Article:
[PATCH] LogFS take three

David Woodhouse dwmw2 at infradead.org
Thu May 17 02:25:17 EDT 2007

On Thu, 2007-05-17 at 15:12 +0900, Dongjun Shin wrote:
> The current trend of flash-based device is to hide the flash-specific details
> from the host OS. The flash memory is encapsulated in a package
> which contains a dedicated controller where a small piece of software (F/W or FTL)
> runs and makes the storage shown as a block device to the host.

Yes. These things are almost always implemented _very_ badly by the same
kind of crack-smoking hobo they drag in off the streets to write BIOSen.

It's bog-roll technology; if you fancy a laugh try doing some real
reliability tests on them time some. Powerfail testing is a good one.
This kind of thing is OK for disposable storage such as in digital
cameras, where it doesn't matter that it's no more reliable than a
floppy disc, but for real long-term storage it's really a bad idea.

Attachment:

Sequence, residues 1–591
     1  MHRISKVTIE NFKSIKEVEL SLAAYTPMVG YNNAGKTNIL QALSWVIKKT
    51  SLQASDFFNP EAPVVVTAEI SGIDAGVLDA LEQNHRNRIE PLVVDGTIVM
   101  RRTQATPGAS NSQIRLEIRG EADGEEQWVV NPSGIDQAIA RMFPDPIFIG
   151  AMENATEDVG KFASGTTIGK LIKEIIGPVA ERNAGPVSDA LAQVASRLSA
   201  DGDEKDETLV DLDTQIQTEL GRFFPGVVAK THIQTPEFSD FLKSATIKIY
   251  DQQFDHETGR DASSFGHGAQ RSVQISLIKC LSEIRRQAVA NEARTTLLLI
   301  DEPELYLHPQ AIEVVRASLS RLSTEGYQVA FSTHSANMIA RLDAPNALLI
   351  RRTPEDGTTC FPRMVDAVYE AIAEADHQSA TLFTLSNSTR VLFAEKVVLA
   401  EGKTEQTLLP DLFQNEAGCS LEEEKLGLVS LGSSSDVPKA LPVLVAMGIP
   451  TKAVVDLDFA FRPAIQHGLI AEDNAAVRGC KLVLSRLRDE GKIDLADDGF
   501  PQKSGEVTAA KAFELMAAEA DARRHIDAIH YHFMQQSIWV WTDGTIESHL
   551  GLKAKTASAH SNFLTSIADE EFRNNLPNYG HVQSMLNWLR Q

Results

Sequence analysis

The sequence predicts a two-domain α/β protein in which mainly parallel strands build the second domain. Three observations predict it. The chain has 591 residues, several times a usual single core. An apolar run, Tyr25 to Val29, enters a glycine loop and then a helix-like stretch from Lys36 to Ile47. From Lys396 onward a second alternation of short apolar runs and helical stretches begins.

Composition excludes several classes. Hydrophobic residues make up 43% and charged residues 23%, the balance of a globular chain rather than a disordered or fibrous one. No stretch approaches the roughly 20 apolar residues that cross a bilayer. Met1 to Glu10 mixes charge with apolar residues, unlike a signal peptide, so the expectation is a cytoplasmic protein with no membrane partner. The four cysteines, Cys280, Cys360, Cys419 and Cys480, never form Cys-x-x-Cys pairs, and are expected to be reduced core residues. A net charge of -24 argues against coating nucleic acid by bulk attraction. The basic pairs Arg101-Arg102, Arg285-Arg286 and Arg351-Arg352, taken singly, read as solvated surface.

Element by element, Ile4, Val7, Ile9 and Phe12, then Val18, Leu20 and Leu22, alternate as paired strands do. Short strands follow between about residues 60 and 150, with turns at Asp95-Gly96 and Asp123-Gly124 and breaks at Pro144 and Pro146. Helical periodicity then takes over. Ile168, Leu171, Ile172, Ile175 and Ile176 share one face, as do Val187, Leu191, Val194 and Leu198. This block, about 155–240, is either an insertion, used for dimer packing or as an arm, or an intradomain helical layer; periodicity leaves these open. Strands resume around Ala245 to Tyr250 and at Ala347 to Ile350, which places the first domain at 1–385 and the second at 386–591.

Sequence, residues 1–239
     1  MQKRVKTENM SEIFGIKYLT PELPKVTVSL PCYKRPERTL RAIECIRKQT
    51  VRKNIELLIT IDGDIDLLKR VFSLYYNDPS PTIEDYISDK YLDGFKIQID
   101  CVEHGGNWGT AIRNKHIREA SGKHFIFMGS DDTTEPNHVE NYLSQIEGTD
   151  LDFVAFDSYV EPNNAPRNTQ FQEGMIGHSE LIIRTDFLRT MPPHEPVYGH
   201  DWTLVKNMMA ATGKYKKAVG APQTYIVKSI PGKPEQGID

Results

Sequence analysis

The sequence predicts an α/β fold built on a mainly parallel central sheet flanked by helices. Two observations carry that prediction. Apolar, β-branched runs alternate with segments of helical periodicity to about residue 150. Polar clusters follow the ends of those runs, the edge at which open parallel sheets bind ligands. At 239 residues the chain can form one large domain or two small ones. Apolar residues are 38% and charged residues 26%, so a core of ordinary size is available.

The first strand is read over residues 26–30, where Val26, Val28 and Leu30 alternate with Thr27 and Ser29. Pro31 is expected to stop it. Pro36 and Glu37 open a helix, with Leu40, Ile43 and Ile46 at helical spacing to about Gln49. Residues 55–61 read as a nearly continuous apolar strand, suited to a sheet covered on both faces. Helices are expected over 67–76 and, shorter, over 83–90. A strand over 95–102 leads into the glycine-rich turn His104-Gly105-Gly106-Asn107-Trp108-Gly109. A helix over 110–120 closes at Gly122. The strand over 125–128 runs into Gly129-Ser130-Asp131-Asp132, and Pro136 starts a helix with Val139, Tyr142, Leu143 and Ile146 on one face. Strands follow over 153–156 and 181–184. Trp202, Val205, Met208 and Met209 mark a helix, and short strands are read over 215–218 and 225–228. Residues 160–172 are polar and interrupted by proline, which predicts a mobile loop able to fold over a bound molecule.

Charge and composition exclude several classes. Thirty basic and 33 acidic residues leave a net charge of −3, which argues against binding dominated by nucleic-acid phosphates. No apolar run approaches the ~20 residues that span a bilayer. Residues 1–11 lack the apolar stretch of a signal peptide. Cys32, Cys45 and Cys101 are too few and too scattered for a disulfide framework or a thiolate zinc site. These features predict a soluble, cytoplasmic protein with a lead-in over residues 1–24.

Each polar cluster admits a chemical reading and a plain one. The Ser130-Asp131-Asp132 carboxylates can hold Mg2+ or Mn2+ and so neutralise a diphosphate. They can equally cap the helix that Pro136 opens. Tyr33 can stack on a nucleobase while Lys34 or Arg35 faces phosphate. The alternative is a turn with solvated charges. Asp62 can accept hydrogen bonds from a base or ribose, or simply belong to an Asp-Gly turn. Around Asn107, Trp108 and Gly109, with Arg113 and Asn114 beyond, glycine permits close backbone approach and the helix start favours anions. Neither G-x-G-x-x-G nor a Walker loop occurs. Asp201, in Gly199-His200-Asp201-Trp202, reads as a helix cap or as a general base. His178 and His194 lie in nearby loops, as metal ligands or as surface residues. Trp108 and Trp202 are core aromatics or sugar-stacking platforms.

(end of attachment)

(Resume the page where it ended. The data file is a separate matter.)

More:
> IMHO, for a flash-optimized filesystem to be useful and widely-used, it would be better
> to run on a block device and to be designed to run efficiently on top of the FTL.
> (ex. log-structured filesystem on general block device)

There's little point in optimising a file system _specifically_ for
devices which in often aren't reliable enough to keep your data anyway.
You might as well use ramfs.

It's unfortunate really -- there's no _fundamental_ reason why FTL has
to be done so badly; it's just that it almost always is. Direct access
to the flash from Linux is _always_ going to be better in practice --
and that way you avoid the problems with dual journalling, along with
the problems with the underlying FTL continuing to keep (and copy around
during GC) sectors which the top-level filesystem has actually
deallocated, etc.


More information about the linux-mtd mailing list